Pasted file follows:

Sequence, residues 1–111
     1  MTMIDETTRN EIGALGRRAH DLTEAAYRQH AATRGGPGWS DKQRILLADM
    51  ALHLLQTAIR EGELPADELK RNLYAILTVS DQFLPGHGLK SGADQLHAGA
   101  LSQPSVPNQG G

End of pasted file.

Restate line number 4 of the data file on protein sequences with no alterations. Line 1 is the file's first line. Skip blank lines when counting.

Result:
   101  LSQPSVPNQG G